Kenyan authorities arrested five people in connection with the attack on a college that left almost 150 people dead as the al-Qaeda-linked group that claimed responsibility for the killings warned of more violence.
“They are under interrogation and we hope to make more arrests with their leads,” Mwenda Njoka, a spokesman for the East African nation’s Interior Ministry, said by phone Saturday from the capital, Nairobi. Four of the people were detained as they attempted to cross the border into Somalia, he said.
At least 147 people were killed and 79 injured when al-Shabaab gunmen stormed Garissa University College, about 330 kilometers (204 miles) northeast of Nairobi, before dawn on April 2. It was the deadliest attack since al-Qaeda bombed the U.S. Embassy in Nairobi in 1998, killing more than 200.
Al-Shabaab has waged an insurgency in Somalia since 2006 in a bid to impose Islamic law. Kenya deployed troops there in 2011 following attacks on tourists and aid workers. The group responded by intensifying attacks on sites including bars, churches. In 2013, an assault on Nairobi’s upmarket Westgate shopping mall left 67 dead.
On Saturday, al-Shabaab warned of more violence.
“Our message to you will be written not with words, but with the blood of your people,” it said in a statement published on the Calamada website. “Dig their graves and prepare their coffins from now.”
Kenyan President Uhuru Kenyatta vowed to bring the perpetrators to justice and said the country’s security forces are pursuing leads on other accomplices in the attack.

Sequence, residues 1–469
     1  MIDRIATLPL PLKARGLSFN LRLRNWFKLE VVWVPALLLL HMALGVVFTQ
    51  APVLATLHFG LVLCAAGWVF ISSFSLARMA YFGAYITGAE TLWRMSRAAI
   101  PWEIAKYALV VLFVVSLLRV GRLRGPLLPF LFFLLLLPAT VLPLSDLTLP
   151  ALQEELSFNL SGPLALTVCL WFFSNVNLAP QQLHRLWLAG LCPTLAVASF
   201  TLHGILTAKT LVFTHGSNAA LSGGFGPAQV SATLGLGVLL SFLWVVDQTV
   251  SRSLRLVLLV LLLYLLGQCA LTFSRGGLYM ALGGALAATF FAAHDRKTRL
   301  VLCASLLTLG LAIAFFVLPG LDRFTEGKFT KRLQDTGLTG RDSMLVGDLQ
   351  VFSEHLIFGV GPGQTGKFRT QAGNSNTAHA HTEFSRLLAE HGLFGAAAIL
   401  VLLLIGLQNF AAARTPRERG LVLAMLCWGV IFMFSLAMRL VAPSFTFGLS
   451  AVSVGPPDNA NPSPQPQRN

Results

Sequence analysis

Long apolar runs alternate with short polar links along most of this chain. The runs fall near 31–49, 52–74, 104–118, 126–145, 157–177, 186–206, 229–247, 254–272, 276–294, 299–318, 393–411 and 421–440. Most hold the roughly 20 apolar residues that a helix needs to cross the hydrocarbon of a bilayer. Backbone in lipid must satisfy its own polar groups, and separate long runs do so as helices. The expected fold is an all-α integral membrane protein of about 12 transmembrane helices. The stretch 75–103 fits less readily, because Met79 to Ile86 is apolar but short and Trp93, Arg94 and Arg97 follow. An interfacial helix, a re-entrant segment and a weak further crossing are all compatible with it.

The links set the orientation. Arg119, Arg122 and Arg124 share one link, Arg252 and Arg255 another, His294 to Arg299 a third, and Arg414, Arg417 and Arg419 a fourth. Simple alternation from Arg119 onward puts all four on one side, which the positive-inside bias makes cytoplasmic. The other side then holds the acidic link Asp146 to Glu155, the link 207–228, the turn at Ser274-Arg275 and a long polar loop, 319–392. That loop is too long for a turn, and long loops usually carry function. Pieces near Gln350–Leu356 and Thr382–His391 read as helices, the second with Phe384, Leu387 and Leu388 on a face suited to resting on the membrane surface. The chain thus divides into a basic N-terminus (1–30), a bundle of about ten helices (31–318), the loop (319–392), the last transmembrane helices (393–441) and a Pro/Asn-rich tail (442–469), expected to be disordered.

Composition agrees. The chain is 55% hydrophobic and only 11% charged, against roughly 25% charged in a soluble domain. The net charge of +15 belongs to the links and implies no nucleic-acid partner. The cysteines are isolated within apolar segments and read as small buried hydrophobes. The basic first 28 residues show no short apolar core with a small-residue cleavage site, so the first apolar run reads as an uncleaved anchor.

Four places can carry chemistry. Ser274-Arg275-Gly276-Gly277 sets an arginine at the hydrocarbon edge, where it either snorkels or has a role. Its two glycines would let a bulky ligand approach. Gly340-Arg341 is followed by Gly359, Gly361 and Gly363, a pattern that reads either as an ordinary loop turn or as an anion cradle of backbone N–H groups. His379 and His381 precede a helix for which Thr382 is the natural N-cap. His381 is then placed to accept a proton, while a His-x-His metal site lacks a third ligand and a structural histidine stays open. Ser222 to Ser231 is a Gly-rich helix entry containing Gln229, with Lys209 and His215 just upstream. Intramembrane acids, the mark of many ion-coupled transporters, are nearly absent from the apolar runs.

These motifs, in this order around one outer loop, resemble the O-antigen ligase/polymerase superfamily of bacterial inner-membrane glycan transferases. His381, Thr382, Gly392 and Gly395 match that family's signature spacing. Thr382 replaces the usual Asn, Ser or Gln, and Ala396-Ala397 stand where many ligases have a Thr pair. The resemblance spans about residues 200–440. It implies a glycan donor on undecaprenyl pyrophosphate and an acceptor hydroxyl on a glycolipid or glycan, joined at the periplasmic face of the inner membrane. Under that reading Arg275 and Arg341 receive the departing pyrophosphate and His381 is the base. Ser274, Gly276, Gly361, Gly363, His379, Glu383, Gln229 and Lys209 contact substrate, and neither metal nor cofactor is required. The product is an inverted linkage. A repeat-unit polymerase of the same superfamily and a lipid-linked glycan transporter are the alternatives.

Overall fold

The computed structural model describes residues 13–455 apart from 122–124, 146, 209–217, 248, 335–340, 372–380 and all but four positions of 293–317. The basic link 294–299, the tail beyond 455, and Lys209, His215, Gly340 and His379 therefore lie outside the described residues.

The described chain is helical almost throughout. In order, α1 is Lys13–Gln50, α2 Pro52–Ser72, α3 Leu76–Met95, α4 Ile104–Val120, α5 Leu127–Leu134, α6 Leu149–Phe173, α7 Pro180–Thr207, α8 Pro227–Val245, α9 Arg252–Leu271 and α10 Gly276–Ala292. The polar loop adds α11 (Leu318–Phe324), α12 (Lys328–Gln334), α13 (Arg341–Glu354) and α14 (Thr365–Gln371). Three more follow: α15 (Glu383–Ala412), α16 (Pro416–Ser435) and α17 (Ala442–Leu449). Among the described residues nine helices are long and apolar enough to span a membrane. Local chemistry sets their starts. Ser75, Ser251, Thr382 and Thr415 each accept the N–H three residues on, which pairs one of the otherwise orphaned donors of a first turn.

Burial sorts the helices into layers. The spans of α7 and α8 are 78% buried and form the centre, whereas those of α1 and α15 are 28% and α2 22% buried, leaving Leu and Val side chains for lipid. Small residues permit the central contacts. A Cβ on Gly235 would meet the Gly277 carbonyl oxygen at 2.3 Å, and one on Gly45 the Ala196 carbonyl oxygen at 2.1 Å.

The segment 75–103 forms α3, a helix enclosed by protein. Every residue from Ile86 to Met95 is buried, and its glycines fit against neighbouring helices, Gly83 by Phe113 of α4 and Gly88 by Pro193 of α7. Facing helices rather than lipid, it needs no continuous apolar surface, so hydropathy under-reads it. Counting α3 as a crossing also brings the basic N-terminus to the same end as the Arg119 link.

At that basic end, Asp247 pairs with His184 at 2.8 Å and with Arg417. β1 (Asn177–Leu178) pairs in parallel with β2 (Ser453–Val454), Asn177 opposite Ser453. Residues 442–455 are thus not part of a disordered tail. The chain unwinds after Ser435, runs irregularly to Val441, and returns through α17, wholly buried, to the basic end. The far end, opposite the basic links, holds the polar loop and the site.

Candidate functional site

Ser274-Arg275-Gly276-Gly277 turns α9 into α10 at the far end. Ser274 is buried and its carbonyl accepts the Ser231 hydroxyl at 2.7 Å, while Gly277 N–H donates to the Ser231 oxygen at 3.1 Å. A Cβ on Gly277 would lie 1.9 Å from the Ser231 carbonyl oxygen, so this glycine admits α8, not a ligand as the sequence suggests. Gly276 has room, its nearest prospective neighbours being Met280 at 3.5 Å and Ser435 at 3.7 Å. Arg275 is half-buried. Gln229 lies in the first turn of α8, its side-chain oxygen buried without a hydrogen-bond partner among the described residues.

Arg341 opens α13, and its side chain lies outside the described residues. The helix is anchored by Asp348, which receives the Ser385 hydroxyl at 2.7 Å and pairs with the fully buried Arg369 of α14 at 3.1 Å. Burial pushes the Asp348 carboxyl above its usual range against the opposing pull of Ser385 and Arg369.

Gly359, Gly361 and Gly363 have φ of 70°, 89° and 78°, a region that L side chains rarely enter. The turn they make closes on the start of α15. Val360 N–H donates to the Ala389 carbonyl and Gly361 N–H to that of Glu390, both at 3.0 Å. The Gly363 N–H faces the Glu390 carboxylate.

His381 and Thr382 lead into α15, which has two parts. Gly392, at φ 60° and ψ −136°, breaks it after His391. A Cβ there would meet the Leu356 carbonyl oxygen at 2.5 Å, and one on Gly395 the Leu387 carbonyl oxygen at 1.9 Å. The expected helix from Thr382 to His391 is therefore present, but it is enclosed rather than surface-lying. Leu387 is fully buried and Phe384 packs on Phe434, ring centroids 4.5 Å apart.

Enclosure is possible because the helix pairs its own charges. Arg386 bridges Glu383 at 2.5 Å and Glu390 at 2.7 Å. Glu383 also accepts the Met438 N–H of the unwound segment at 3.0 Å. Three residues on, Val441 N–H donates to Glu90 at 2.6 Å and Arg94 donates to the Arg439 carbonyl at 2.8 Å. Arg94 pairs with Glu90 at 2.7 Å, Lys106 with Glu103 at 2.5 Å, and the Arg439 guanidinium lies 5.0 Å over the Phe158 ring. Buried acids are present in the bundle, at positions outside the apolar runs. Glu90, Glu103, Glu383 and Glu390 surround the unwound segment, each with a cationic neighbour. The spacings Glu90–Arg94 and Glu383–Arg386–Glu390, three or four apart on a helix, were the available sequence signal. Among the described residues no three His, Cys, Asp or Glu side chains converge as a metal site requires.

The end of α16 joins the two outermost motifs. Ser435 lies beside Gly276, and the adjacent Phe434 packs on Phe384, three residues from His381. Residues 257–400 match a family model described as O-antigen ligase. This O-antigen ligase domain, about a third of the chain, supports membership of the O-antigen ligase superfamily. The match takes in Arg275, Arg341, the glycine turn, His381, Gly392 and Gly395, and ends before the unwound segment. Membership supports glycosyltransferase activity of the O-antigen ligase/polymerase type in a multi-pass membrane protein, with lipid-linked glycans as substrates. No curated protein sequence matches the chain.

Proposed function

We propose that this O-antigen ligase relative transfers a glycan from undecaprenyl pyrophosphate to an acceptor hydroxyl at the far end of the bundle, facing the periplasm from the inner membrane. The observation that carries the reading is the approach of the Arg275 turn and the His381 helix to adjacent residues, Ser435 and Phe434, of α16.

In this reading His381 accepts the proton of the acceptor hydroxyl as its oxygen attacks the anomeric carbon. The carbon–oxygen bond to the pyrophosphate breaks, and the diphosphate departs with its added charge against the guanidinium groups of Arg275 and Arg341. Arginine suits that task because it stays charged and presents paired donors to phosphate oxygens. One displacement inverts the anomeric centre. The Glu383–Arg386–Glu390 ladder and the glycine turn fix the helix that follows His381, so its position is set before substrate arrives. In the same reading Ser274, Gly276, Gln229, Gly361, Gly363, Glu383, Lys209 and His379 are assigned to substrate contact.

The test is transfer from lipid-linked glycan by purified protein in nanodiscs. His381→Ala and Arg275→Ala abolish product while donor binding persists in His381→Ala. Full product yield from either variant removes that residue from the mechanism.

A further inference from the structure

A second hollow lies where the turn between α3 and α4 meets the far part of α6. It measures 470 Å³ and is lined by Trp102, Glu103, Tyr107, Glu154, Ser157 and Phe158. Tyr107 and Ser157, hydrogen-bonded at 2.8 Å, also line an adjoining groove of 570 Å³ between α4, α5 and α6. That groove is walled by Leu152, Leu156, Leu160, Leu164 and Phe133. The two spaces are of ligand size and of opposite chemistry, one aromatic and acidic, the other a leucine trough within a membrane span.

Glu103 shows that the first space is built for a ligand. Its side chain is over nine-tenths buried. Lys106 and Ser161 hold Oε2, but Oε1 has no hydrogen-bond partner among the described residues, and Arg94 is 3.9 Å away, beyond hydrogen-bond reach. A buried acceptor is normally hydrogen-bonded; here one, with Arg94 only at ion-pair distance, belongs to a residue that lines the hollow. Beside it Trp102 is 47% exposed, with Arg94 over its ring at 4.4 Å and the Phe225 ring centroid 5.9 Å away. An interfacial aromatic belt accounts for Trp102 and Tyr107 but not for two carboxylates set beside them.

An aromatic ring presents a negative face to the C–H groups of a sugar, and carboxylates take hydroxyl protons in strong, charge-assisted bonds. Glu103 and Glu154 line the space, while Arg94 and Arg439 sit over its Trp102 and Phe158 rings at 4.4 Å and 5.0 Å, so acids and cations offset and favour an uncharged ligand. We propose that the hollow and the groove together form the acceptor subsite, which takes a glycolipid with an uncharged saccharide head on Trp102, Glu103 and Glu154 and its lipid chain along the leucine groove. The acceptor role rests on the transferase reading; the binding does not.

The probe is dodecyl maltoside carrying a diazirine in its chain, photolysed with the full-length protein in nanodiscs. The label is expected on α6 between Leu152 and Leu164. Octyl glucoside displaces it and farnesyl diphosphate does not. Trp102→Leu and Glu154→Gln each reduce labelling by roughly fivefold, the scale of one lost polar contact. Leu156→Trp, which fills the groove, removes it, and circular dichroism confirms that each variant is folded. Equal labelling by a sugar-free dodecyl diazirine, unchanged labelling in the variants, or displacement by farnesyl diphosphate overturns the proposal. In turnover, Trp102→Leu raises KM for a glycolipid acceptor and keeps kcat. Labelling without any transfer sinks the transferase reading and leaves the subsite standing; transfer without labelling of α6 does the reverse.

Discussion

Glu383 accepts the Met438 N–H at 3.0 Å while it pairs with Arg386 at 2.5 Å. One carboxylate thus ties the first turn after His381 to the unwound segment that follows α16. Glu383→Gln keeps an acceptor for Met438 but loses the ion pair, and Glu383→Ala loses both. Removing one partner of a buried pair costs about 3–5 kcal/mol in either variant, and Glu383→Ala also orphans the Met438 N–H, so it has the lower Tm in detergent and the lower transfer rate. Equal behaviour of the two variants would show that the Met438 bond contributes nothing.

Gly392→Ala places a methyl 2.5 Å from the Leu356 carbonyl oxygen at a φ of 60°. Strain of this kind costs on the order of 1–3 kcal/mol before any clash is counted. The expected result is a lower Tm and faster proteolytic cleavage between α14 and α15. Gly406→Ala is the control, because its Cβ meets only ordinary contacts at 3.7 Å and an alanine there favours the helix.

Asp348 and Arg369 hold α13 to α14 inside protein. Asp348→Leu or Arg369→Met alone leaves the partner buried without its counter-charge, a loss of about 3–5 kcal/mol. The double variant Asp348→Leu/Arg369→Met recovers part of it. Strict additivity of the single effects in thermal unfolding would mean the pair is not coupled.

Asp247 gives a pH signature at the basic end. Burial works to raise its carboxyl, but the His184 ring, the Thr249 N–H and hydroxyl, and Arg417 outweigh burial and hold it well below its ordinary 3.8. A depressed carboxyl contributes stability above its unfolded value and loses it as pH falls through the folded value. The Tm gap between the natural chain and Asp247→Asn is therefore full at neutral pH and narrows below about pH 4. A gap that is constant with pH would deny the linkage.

The government has offered a $220,000 reward for the capture of Mohammed Mohamud Kuno, a suspected member of al-Shabaab who the authorities say helped organize the attack.
Authorities have evidence Kuno was “highly involved” in at least two other attacks in Kenya last year, Njoka said. A Kenyan national and former teacher, Kuno was a commander for the militants in the Jubaland region of Somalia, he said.
“I guarantee Kenyans that my administration shall respond in the severest ways possible to the Garissa attack, and any other threat to us,” Kenyatta said in an address to the nation broadcast on state television.
Declaring three days of national mourning, Kenyatta called on local and religious leaders to help bring unity to the country and “ensure that our justified anger does not spill over and lead to the victimization of anyone.”
Al-Shabaab said the university victims were separated according to their religion and Christians were executed. That mirrored a tactic used in at least one previous assault in which authorities said Kuno was involved -- in Mandera in northern Kenya last year when 28 bus passengers were shot dead.